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Movie Real Gear Spyshot 6 Reviewed by Thunderscream
The Machines Awaken

In most cases, the Real Gear sub-line of the 2007 Transformers movie toy line represents a departure from previous depictions of the famous robots in disguise. Said to have been born from energy released from the Allspark Cube, these small characters take the form of everyday electronics and other items rather than the typical vehicles of their larger, Cybertron born comrades. Spyshot 6 is a member of this line and takes a form that, while new, does echo back to the original series.

Altmode: Digital Camera

Spyshot 6 takes the alternate form of a digital camera. He's small, only two inches by three inches, barely larger than the palm of a grown person's hand. His primary color is gray with silver around the focus lens, on the lens itself, small beads on the front right side, around the shutter button, on the viewfinder, the flashbulb and on a button on the side. Black is used on the shutter button, around and on the front of the lens, the bottom right corner, and for the buttons on the back. Red can be found on the underside and on the lower right side, and clear plastic used for the lens and the viewfinder. The name "Spyshot 6" and an Autobot insignia can be found printed in black on the lower right side of the camera front.

Perhaps one of the greatest issues with making Transformers into everyday electronics is that, unlike a car or a jet, there's not much you can include in the way of an action feature. With Spyshot 6, the only thing you can do is press down on the shutter button and receive a loud clicking sound, which is contrary to the sound most digital cameras make. All the other buttons are fixed, molded onto the figure as solid pieces and thus don't do anything. The imagination of the child will certainly take little notice, as will serious collectors. The buttons certainly correspond to features on a real digital camera; including a menu button and a pair of picture scroll controls under the display screen. The sticker serving as the screen display includes letters, numbers and symbols found in these cameras; these include battery charge, flash status, time, and the zoom status. Oddly, the picture used is a headshot of the Decepticon Ransack from the 2005-2006 Transformers: Cybertron cartoon series. It would have been preferable that a movie character be used for the screen shot instead of a character from a series that has passed, especially since the toy was released a month before the movie's release, long after many of the designs had been finalized and known. The Takara release of Spyshot 6 does have movie characters on the displays, so while it's understandable that Hasbro would have an older character on the prototypes, it doesn't make sense for the general release.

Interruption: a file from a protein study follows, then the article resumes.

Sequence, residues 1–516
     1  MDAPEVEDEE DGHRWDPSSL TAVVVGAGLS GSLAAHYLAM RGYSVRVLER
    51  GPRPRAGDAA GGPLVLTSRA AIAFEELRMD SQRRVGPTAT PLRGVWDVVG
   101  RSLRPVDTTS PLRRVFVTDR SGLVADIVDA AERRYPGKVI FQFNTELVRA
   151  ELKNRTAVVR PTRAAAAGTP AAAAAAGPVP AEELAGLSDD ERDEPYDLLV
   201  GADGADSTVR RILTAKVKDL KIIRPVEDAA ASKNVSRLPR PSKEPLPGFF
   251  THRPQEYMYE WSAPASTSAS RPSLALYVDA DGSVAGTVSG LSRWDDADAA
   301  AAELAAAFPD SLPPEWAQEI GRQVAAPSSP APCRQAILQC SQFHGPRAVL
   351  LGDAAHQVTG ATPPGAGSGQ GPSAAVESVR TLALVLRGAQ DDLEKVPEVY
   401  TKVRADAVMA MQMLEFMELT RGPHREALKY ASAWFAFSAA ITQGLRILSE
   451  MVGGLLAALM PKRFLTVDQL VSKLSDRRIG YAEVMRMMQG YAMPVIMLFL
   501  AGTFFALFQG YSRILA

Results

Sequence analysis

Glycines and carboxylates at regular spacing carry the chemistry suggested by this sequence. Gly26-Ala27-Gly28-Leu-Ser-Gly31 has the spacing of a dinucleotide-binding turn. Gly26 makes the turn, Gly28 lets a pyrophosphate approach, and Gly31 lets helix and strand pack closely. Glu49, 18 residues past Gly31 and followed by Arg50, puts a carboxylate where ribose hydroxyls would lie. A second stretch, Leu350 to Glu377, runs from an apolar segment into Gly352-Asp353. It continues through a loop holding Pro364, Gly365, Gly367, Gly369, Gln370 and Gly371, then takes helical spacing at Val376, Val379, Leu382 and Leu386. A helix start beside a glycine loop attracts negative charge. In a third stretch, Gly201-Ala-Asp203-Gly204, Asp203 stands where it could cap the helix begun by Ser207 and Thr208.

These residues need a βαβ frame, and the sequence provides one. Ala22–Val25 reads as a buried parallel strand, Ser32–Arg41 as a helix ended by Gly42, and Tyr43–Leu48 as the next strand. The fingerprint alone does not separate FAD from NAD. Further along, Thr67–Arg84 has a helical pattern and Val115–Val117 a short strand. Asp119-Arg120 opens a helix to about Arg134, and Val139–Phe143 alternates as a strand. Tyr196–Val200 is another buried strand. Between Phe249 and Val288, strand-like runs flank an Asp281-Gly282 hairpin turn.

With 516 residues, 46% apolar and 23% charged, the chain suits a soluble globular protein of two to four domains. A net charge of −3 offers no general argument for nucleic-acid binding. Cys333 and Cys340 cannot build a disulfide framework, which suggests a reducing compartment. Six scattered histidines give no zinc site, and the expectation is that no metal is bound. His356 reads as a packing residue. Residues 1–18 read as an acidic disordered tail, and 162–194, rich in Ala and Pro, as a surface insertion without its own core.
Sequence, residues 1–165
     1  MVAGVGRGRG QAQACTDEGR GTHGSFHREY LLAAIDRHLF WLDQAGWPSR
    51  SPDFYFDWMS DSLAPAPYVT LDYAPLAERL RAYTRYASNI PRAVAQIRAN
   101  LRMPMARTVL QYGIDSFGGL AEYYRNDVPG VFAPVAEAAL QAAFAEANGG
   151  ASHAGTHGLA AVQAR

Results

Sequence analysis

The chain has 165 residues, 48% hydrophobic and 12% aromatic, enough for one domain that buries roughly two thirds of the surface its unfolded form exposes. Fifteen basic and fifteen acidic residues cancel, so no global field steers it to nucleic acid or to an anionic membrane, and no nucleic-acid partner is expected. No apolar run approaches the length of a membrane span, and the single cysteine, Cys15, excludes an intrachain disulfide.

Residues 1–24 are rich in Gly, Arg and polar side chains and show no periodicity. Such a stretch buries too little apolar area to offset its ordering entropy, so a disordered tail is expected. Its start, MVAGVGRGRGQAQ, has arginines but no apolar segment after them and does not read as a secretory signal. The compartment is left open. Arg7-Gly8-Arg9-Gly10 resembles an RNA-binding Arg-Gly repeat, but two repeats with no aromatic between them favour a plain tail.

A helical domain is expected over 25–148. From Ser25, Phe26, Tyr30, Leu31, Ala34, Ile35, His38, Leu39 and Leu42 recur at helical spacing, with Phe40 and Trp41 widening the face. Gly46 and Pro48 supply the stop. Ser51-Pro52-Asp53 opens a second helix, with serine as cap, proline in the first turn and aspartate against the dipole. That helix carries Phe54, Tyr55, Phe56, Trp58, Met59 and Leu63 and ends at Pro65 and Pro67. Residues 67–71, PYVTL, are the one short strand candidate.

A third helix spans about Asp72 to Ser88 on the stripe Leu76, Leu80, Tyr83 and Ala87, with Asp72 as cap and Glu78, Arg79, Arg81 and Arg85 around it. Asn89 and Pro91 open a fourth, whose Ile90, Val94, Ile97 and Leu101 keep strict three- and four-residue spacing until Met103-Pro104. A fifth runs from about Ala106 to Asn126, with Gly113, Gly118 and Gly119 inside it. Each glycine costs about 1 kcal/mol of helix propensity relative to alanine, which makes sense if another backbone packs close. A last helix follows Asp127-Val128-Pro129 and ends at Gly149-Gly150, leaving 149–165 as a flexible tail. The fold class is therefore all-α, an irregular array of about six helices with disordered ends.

While younger and more recent fans may believe Spyshot 6's alternate mode is new for Transformers, those who have been fans since the 1984 series will know better. In the 1984 cartoon series, fans were treated to three robots collectively named "Reflector", which combined and transformed into a Polaroid camera, although a toy of the character would not be released until 1986. I find it somewhat disappointing that Hasbro didn't think to make this figure a homage to this older character.


Spyshot 6's conversion is rated as "2 Quick" and he's relatively easy to convert between each form. I always suggest reading the instructions before attempting to transform your toy, even if you feel it's unnecessary. Like most of the Real Gear figures, Spyshot 6 does not employ the "automorph" feature of the larger movie toys. Considering my opinion that this gimmick is rather unimpressive anyway, I don't feel it's a loss on him.

Robot Mode

In robot mode, Spyshot 6 stands just less than four inches in height. Colors from his camera form carry over into his robot mode. Gray-blue is exposed on the limbs, shoulders, clamp-like hands, and head. Black can be found on his forehead and around his eyes, and silver has been painted on the lower part of his face. The optics have been molded out pieces of clear red plastic and the back of his head possesses a clear piece of plastic. Hold him up to a light source and his optics glow.

Spyshot 6 has twelve points of articulation. His head can turn completely around, his shoulders can rise and fall, the arms bend and turn at the elbow, and his hands can open, close, and wave up and down. His legs pivot at the hips and the knees bend. He's fairly stable in this form and can be poised in just about any position the imagination will allow. He doesn't have many action features other than that, but considering he's more a spy than a fighter, it's not really a problem. He doesn't come with a weapon, but imaginative types, going by the bio on the back of his packaging, could see the focus lens in his chest and the flashbulb on his shoulder as weapons. He has little resemblance to any of the robots that made up the cartoon Reflector bots, which may be why Hasbro decided not to name him after the obscure character.

Final Thoughts

Spyshot 6 is a decent little addition to the Real Gear sub line and a nice toy overall. As a fan of the Decepticons, it a bit disappointing that he wasn't made into an homage of Reflector in an effort to make the name familiar to a new generation of fans, but with Hasbro's penchant for making retools and repaints, it's still a possibility.

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